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Leftover spanish chorizo, beef stock cubes, ground beef (bought just before Christmas, frozen and forgotten) green bell pepper, the last bit of savoy cabbage, shallots, carrots, cured sausages of some kind, red chili pepper, mushrooms, garlic, onion, celery and okra. Since the main protein is ground beef, this dish can at most be Cajun-inspired or have a hint of Louisiana, but my intention wasn’t to make actual gumbo, but rather to make a stew that’d last all week.

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Chopped onions, carrots, garlic, celery, peppers and chili. Whole shallots.

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Beef, mushrooms, cabbage, cured sausage and chorizo added

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Stock and okra go in, along with some herbs and a bit of tomato paste

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A couple of hours of slow simmering produces half a gallon of swamp-like stew. Way tastier than it looks.

 

Exploring Udon and Dashi

Posted in asian, condiments, crossover, japanese, lotus root, mushroom, noodles, peppers, soup, stock, vegetarian with tags , , , , , , , , , , , , , , on March 3, 2013 by oskila

Raided the recently mentioned Asian grocery store again, and came home with five different kinds of noodles, frozen okra, some instant dashi granules and ssamjang. Since noodles obviously are one of my favorite kinds of food I thought I’d make some.

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Leek, dashi, mushrooms, red chili pepper, carrot, garlic sprouts, ssamjang, udon noodles and lotus roots. Since udon noodles are commonly served in soup that’s what I’m going to do. Ingredient-wise this dish has roots in Japan, Korea and probably China too, so I’m ending up with a general Asian concoction again. This doesn’t really bother me, since the main objective is to simply make tasty food.

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Noodles boiling away. I put them in a sauté pan only in order to be able to put them in whole. Most of my other pots except the really huge ones aren’t wide enough to do that. Save a pint or so of the water after the noodles are cooked, in order to save time and power when making the broth.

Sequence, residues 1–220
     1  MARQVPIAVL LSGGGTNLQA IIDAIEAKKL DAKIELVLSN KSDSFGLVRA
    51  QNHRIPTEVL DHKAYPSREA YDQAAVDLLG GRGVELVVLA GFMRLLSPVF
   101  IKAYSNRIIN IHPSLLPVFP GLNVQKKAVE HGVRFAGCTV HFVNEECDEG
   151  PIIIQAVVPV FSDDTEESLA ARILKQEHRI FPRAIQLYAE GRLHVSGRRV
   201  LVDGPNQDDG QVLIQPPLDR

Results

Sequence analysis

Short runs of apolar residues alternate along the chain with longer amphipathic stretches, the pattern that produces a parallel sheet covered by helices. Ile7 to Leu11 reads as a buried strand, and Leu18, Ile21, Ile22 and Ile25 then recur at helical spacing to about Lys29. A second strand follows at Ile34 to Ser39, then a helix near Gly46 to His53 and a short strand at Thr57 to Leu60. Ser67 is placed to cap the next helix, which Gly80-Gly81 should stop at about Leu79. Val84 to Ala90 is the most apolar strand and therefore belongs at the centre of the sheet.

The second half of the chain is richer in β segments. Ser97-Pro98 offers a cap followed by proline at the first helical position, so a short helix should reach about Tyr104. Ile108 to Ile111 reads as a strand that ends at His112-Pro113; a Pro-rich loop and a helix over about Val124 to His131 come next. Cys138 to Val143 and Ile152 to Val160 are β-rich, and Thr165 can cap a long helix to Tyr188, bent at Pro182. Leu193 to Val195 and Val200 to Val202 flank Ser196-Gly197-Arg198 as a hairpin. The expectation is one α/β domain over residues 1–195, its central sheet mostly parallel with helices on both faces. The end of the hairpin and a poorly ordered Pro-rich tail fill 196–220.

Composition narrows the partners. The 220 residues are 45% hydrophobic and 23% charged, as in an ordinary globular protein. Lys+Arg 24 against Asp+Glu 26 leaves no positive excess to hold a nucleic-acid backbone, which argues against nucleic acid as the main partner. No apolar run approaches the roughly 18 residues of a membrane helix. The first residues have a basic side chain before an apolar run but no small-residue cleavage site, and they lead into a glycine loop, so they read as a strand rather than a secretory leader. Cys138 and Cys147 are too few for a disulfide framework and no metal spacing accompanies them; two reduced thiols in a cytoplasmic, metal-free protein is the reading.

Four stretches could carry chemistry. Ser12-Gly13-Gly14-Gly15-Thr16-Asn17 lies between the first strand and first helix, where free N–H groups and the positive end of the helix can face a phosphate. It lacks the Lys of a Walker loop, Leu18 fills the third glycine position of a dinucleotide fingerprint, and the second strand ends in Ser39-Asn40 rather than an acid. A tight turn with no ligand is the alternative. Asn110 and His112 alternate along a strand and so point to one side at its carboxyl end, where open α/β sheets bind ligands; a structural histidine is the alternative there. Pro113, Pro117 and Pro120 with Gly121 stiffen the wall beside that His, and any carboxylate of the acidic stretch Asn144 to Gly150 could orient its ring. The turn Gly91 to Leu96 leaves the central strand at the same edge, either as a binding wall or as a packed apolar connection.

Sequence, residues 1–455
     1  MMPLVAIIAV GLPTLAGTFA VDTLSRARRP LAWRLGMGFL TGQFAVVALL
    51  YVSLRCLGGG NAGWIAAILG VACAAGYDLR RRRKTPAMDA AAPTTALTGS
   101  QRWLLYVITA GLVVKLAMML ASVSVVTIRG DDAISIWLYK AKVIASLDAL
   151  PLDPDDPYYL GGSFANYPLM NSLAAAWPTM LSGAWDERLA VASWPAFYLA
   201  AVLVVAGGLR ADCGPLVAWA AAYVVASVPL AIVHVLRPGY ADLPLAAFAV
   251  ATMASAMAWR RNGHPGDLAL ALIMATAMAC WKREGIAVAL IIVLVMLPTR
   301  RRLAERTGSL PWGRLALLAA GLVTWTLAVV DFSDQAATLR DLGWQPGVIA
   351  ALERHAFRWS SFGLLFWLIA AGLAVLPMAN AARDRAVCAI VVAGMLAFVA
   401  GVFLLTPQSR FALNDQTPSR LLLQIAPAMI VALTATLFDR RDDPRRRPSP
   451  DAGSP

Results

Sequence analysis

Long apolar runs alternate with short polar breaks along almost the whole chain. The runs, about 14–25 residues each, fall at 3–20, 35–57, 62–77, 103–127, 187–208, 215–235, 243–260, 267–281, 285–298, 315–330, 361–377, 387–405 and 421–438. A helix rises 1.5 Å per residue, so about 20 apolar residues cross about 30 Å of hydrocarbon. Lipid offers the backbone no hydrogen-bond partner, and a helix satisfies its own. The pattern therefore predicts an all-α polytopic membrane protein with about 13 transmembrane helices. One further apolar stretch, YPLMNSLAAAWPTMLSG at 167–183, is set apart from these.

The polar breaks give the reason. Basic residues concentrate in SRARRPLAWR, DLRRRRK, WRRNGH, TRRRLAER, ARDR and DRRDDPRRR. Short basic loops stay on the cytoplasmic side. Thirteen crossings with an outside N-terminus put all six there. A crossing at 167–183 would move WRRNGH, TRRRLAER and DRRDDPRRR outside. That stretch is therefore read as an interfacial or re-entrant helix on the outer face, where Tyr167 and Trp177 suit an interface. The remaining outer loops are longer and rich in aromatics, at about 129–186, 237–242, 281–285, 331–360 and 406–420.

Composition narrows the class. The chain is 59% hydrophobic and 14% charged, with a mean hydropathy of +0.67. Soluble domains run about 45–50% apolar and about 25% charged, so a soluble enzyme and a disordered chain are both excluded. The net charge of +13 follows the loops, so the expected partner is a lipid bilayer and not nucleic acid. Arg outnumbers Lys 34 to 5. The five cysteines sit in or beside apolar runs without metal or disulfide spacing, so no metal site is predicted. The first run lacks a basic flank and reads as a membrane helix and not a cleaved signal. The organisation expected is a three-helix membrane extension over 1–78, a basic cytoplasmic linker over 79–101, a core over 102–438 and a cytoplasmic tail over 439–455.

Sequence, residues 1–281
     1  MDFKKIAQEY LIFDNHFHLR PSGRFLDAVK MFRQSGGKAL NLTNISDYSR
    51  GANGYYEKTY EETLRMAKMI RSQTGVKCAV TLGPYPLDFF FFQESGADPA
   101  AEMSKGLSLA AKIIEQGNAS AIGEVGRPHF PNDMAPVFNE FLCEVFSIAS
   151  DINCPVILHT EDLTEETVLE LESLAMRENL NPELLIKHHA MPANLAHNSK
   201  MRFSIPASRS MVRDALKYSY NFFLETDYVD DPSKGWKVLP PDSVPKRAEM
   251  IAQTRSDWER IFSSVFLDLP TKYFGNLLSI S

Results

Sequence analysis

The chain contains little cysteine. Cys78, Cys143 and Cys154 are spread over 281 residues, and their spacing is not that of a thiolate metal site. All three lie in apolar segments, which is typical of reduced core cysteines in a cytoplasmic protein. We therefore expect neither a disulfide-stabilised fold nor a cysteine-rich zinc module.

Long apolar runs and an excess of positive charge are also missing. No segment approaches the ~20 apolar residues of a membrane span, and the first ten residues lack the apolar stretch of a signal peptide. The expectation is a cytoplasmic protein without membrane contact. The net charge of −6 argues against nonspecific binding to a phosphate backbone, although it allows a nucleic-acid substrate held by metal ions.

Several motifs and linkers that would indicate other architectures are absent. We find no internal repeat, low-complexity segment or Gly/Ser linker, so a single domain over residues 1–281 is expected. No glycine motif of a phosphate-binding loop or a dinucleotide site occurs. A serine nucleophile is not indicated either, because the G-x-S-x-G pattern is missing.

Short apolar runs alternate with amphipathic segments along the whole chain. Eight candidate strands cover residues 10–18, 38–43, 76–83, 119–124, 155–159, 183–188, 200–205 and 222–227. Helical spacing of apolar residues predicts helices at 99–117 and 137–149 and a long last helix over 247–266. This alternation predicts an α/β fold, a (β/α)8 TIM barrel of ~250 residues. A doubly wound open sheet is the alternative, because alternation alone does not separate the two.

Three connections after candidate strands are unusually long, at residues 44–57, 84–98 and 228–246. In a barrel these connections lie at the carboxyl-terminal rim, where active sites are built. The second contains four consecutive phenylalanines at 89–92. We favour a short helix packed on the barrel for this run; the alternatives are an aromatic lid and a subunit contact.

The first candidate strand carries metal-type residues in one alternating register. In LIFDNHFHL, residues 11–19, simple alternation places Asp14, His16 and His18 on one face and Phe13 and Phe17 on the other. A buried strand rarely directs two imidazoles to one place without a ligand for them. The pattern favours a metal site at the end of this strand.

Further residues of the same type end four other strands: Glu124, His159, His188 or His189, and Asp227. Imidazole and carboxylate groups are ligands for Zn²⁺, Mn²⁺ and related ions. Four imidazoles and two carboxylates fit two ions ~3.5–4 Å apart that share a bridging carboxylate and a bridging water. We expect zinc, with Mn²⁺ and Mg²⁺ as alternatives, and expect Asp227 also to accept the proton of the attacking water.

For some reason I forgot to take pictures of the broth, but on the other hand it wasn’t very visually enticing. Simply put the hot liquid back in the pan on the hob and sprinkle instant dashi in it to taste. Season with soy and vinegar (ideally rice vinegar, but I used white wine vinegar and a hint of sugar.)

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Meanwhile, the vegetables are jumbled together in another sauté pan. I only used a bit of the green part of the leek and sliced the carrot with the help of a vegetable peeler. Since the lotus root slices were still frozen I simply microwaved them along with a spoonful of water for some time instead and then chopped them up a bit.

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To assemble dish, simply scoop noodles into bowl with vegetables on top and then pour dashi broth over the whole thing. I topped with a dollop of ssamjang and black and white sesame seeds for additional tastiness.

Bacon Out, Noodles In

Posted in asian, cabbage, eggs, noodles, soup, stock, vegetarian with tags on September 1, 2012 by oskila

I used to consider my diet pretty well rounded, but looking through the blog leaves room for doubt. To underline that, here’s another dish with noodles (at least rice noodles, not instant ramen) but no bacon whatsoever. It’s a fairly quick dish, for those who, like me spend a lot of time sitting around the house, carefully avoiding school assignments. Let us begin.

The first few times I cooked with these rice noodles, I thought they didn’t absorb flavors very well and refused to get past the al dente stage. Here they are being boiled with a veg stock/bouillon cube and onion and garlic powders.

Next we chuck some chopped pak choi in a pan and let the noodles follow shortly. This is what softens the noodles the way I want them, as opposed to boiling them for longer than recommended.

Add an egg or two, stirring with various degrees of fury, depending on the quality of the non-stick coating, until you think it’s done.  Also, adjust seasoning of course.

Put in bowl and fill up with the broth the noodles were cooked in and which you were supposed to save. Fried egg in a soupy environment is intuitively wrong, at least to me, but it works.

I made almost the same dish the next day, but used fish stock cube instead and added curry powder to the broth and sambal oelek to the pan upon frying.